Ah, a classic rejection song! Had to have at least one on the record! Shy is about a failed relationship and someone making you feel “shy” and like you “never had a shot.” Probably true! It was also the first time I’d had feelings for someone in a while, so I talk about wanting to keep it alive mainly because I was finally feeling / so I [couldn’t] let it be.
Ok, this is another failed relationship song. But this one’s more about wanting to honor the relationship and this person, even though things were ending. They moved up North, and I stayed in LA to keep doing music, even though I was having doubts about if I’d ever be successful: the North can still take its aim/ but I’m staying placed, cus I don’t wanna miss what I probably won’t have anyway. I knew I was taking a risk, but I was grateful for the time we spent together.
This is the main ballad of the record. I wrote this song with Jim Fairchild in his studio in Culver. It was one of our first sessions and we were just becoming friends/writing partners. We wrote it entirely on guitar, and Grant later transcribed it to piano. It’s about a best friendship, and how feeling like someone doesn’t entirely relate to you when you’re doing badly can actually be such an amazing thing – I’m in my own way/ but you stop the traffic when you don’t relate/ didn’t know I could be so damn grateful for quiet like that. My friends have pulled me out of the worst times of my life so many times.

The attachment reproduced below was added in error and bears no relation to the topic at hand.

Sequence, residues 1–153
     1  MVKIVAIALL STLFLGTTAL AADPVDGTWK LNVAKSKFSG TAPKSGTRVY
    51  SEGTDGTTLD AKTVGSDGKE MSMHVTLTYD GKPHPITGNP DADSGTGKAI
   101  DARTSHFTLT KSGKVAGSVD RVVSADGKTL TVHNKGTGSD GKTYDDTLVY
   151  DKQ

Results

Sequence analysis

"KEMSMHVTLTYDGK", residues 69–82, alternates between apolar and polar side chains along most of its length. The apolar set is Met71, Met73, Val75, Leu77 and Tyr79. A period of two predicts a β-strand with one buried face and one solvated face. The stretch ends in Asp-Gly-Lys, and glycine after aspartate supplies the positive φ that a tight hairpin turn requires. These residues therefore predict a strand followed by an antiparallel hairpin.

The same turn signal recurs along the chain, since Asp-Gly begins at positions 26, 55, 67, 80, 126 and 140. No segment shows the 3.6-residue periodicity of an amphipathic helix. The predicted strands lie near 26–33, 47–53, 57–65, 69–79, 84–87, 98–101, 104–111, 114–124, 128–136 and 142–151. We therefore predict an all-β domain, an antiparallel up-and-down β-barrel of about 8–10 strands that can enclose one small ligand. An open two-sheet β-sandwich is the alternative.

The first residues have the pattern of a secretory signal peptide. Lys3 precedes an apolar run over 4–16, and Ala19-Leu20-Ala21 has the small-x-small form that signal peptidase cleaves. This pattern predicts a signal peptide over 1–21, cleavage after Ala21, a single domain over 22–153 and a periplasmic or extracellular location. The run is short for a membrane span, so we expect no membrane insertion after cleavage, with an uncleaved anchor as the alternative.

This one is kinda the most out there of the bunch. It’s similarly about being in your own way when things are rough, not being able to get out of your head, and knowing you’re keeping yourself in a bad spot but somehow not caring. It’s kind of a plea for people to check in. How dramatic! I wrote the lyrics for this one on a bus in Chile while on a trip with my friend Justine. I’d borrowed a baritone ukelele from a friend a few months before, and sat down with my friend Will, made up a random tuning, and put together some chords we thought sounded cool. I revisited the voice memo on this long bus trip without service, and wrote this.
This one goes along with Lonely, Mostly — I wrote them in the same week. I thought breaking any tension with this person would ruin things, so I wanted to be well prepared to hate if that did happen. It’s as if I was waiting for something to actually happen, just so I could brace myself for not liking it.
I knew I wanted to end the album with Charles St. since the day I wrote it. It’s the sister song of 2017, and basically the prequel of that song. I had just listened to the Better Oblivion Community Center album for the first time and sat down in the stairwell of my house while everyone was gone and just CRIED. This is a song I’d been dancing around writing for a long time, always kind of inserting bits and pieces into other songs, but never really telling the story. It takes place in Baltimore in 2012 over the holidays at a psychiatric facility. I challenged myself to be as upfront as possible about this one for sure. I just felt like getting this story outta me and trying to make it sound a lot more beautiful than it ever was. It was one of the most relieving writing experiences of my life.
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? © 2020 art © Elizabeth Otto